This one hit me right in heart. Okura's manga series is equal parts sweetness and poignancy as we follow mother of two Tomoko as she aims to support her elder son, 15-year-old Hiroki. Hiroki is a sturdy, affable kid who wears his emotions right on his face. He's easy to read and becomes flustered whenever the subject of romance is brought up around his mom. He isn't fooling anybody when it comes to matters of the heart, but Hiroki isn't ready to come out to his family that he's gay. So his mother waits in the wings while quietly supporting him in hopes that he'll feel comfortable and they'll be able to talk about his current crush and other matters openly.
Okura sets up a supportive family dynamic that immediately eases the inherent tension that can come with LGBTQ+ stories. So often readers expect any story focusing on the day-to-day life of gay folks to be one fraught with injustices and denigration because we expect that to be a part of every queer person's experience. It's “just the way it is,” including parent rejection. Okura crafts a narrative where a young gay boy's mom is not only accepting of him, but excited to be in his life. She isn't excited despite the fact that he's gay; she enjoys her son wholly. That means watching him anxiously wait for and text back his crush is cute because it's his first experience of young love and witnessing that milestone as a parent is exciting, regardless of who the crush is.
The manga doesn't completely refrain from discussing LGBTQ+ issues, but all are approached with the same kind of feeling as having a heart-to-heart with a trusted adult. Hiroki's dad is ignorant to the fact his son is gay and fortunately he works away from home for long periods, so we're not subjected to his ignorance often. Tomoko broaches her husband's casual homophobia about gay affection by suggesting he watch the BL drama all his female coworkers are talking about. She also maneuvers around Hiroki's still closeted status to discuss his desire to hold hands in public and gauge his concerns about judgment. She also considers the possibility of his future heartbreak if his crush were to reject him.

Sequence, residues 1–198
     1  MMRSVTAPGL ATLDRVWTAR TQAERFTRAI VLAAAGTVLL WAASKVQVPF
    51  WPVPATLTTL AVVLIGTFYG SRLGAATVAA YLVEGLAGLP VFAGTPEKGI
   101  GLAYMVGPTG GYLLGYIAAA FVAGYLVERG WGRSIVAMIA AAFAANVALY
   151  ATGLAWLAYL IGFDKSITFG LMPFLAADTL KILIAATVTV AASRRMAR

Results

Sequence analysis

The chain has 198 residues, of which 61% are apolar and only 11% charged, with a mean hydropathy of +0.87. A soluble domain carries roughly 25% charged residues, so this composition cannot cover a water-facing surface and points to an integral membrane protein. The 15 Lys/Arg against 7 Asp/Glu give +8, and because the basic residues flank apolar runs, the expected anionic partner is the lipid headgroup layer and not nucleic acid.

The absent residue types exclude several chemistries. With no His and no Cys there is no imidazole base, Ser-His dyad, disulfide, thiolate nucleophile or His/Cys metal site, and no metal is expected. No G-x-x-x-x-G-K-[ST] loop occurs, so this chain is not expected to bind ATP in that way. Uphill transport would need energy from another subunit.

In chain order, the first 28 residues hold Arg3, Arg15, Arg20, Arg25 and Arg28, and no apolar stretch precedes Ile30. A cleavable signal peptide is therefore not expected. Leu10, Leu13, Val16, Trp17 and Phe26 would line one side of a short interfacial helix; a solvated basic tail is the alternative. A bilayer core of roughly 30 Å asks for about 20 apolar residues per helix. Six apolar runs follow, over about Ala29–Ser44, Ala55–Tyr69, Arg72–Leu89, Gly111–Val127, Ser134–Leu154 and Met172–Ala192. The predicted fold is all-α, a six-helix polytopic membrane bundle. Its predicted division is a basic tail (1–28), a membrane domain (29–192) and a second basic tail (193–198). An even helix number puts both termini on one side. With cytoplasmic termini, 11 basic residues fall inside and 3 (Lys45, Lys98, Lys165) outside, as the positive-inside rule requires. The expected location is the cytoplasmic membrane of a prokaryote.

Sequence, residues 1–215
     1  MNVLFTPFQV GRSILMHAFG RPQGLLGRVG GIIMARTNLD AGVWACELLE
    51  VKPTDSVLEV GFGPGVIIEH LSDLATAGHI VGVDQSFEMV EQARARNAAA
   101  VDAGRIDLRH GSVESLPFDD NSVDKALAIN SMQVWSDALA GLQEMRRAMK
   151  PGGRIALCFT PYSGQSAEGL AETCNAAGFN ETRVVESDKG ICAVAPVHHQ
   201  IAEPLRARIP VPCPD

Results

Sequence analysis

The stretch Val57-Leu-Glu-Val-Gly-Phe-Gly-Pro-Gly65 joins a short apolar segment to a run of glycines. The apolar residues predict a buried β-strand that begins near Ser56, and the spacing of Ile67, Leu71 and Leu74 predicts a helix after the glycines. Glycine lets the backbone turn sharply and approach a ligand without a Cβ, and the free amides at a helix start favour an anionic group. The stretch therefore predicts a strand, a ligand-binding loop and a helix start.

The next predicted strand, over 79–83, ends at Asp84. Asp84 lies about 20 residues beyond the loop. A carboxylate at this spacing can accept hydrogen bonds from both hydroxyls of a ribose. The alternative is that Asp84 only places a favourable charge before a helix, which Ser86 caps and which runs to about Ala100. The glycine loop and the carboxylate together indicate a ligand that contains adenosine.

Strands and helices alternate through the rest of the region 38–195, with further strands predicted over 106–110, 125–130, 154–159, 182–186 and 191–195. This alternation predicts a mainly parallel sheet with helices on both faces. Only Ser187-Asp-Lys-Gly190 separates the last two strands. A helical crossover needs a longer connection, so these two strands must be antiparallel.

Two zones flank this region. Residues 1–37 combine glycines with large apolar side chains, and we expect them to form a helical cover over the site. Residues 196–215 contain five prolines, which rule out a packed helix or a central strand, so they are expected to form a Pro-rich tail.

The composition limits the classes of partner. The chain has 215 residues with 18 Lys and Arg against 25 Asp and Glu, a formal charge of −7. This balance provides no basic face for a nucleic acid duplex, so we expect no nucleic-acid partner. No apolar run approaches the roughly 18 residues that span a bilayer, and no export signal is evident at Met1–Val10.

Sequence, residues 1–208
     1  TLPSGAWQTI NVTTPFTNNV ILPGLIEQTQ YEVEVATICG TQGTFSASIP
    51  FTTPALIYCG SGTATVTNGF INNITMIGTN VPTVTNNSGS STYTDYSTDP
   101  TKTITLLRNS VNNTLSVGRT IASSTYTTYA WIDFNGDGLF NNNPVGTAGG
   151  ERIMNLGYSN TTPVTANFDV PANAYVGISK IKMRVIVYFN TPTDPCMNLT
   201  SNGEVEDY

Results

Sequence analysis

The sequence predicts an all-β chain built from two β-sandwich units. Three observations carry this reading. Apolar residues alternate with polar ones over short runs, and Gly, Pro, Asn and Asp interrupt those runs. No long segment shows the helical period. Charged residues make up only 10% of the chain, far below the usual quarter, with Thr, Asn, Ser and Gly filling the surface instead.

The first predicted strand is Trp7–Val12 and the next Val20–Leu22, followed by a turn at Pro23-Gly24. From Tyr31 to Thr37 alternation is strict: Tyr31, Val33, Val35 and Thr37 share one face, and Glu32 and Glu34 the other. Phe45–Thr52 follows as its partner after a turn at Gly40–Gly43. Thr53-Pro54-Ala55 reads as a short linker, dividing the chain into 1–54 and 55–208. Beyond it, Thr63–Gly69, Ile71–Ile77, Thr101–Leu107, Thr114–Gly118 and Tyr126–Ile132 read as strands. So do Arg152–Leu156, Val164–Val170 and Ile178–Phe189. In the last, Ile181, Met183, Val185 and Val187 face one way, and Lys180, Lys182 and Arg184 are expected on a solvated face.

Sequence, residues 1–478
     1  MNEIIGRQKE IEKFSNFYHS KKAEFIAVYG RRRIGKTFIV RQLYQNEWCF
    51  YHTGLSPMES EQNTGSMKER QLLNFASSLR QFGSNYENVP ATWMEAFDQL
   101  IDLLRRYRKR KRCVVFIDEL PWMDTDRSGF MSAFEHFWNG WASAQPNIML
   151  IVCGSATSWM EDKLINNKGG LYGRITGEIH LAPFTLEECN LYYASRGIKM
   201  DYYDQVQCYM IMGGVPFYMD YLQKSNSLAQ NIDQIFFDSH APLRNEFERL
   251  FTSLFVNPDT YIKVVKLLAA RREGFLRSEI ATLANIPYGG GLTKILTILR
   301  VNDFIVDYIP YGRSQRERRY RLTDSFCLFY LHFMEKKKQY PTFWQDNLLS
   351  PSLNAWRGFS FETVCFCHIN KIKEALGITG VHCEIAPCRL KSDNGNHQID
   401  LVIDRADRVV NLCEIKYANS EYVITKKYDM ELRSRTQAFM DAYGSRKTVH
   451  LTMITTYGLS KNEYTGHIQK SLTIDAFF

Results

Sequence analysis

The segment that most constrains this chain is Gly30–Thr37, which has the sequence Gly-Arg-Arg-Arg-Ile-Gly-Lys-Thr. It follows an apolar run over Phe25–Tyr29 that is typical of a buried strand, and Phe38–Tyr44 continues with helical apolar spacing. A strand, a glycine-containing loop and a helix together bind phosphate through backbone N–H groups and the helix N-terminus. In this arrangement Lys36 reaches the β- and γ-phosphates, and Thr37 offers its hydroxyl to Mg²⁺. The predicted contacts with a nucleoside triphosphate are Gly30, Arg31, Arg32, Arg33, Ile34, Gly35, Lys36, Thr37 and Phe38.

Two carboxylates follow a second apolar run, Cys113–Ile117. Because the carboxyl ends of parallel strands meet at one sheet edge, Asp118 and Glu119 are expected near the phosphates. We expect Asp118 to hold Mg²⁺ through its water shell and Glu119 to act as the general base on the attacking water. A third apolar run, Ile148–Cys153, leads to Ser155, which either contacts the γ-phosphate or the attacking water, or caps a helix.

Honestly, we need more Tomokos in the world. I'm thrilled to have an easily accessible story for parents on how to be supportive of their kids and likewise a fictional mom that might be a comfort for those kids who are worried. Tomoko resonated with me heavily as a mother and I cried close to four separate times reading this book either because I felt for Hiroki or the scenes were so damn wholesome. Perhaps one of the best chapters is Tomoko's first realization about her sons burgeoning sexuality. Like many young teens, Hiroki wasn't aware of how to clear his is internet search history leading his mother to discover he's been looking at beefcake pictures. Initially, she's distraught and is about to tell her husband over the phone when, after a series of innocuous questions, she realizes that Hiroki's sexuality changes very little about how she perceives her son and being upset about it, frankly, silly.
Now, I don't know why she hasn't informed her husband. Based on the manga's timeline, Tomoko has likely known Hiroki is gay for more than a year and kept it to herself (his little brother picked up on it on his own and is equally unperturbed) unless it's because she can't gauge her husband's possible reaction, given how he is about men kissing and what he considers "normal" adolescent development. I feel like it's safe to say this will be broached in future volumes. Until then, I'm rooting for Hiroki and his mom.
Pick this one up.